Update: Today Gary Carden posted this picture of Nance Dude as she appeared in her later years in his Holler Notes. He recently acquired this picture from a distant relative of Nance’s. Nance is easily recognized as the old lady on the front row. The man on the right (or her left) was identified as her son. Gary wrote a play about Nance which has been presented on stage and is now available in a DVD recording. Interested parties may go specifically to this link for more information about how to obtain one of the limited number of copies.
This book containing this legend rightly belongs under the fiction heading, but it’s so richly imagined and put together from newspaper articles and prison records, it begs to be in non-fiction as well. No one can possibly know what really happened in the mind of a poor mountain woman resulting in the plot line in the book, but after reading it I’m pretty sure you’ll never forget Nance Dude. It’s based on a murder that came to light in April 1913 when the body of a child about 2 1/2 years old was found in the crevice of a rock on Adtate knob in the lower Jonathan Creek section of the Smoky Mountains on the western side of North Carolina .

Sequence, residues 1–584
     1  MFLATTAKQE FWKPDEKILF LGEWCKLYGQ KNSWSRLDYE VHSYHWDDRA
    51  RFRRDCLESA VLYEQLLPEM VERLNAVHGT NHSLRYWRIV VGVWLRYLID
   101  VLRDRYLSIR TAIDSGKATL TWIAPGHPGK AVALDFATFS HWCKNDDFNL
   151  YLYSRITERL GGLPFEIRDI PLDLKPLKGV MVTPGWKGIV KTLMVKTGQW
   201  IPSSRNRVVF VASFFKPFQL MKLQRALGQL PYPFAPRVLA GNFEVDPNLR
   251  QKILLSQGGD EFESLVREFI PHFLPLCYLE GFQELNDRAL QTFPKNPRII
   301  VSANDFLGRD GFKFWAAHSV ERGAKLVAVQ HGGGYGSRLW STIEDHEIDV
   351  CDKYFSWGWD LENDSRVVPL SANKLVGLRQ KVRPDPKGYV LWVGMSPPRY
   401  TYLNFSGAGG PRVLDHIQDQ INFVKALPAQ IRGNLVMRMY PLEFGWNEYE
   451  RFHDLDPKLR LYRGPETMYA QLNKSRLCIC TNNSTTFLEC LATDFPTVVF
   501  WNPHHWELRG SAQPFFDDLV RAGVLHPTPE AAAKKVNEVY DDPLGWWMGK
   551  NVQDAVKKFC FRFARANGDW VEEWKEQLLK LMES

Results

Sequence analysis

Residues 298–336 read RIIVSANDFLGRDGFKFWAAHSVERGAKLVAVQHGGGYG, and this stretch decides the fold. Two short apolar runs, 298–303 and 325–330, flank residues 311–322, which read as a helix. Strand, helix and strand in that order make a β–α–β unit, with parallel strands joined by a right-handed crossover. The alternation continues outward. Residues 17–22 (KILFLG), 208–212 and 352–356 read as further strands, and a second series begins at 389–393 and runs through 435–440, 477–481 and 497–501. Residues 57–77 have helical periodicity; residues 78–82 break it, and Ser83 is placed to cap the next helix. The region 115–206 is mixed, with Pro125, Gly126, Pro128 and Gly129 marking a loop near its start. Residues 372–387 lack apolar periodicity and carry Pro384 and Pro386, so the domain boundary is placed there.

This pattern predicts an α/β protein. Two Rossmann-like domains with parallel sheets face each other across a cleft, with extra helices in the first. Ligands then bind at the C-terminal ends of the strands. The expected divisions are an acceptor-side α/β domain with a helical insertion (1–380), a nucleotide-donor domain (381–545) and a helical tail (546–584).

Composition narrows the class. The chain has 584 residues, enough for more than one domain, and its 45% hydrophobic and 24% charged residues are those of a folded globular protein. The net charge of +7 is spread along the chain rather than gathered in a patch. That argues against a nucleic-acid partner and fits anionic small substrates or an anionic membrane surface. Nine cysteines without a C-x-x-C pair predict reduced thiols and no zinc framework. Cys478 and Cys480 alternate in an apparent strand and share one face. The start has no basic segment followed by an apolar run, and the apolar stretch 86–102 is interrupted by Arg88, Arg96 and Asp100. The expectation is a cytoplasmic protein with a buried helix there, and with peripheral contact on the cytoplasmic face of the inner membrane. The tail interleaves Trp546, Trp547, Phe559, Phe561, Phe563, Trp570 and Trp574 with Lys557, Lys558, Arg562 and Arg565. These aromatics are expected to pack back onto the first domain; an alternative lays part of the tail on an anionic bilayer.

Earlier, on a cold February morning, a 64-year-old woman known as Nance Dude took her granddaughter and led her up the mountain side near their home. She returned later that day without the child. She was incarcerated at age 65 and served 15 years of hard labor. But did she really murder her grandchild? You see, the particulars of Nance’s upbringing complicate the plot.
The author artfully reconstructs the sad, dark story of Nance Dude from newspaper articles, court, and prison records, and talks with mountain people who either remember the crime or learned of it from their elders, showing how a lifetime of povery and degradation can sometimes leave a person facing decisions that offer few alternatives, all of them bad.
Update: If you are interested in a movie version of Nance Dude’s story, be sure to read an August 2009 update here: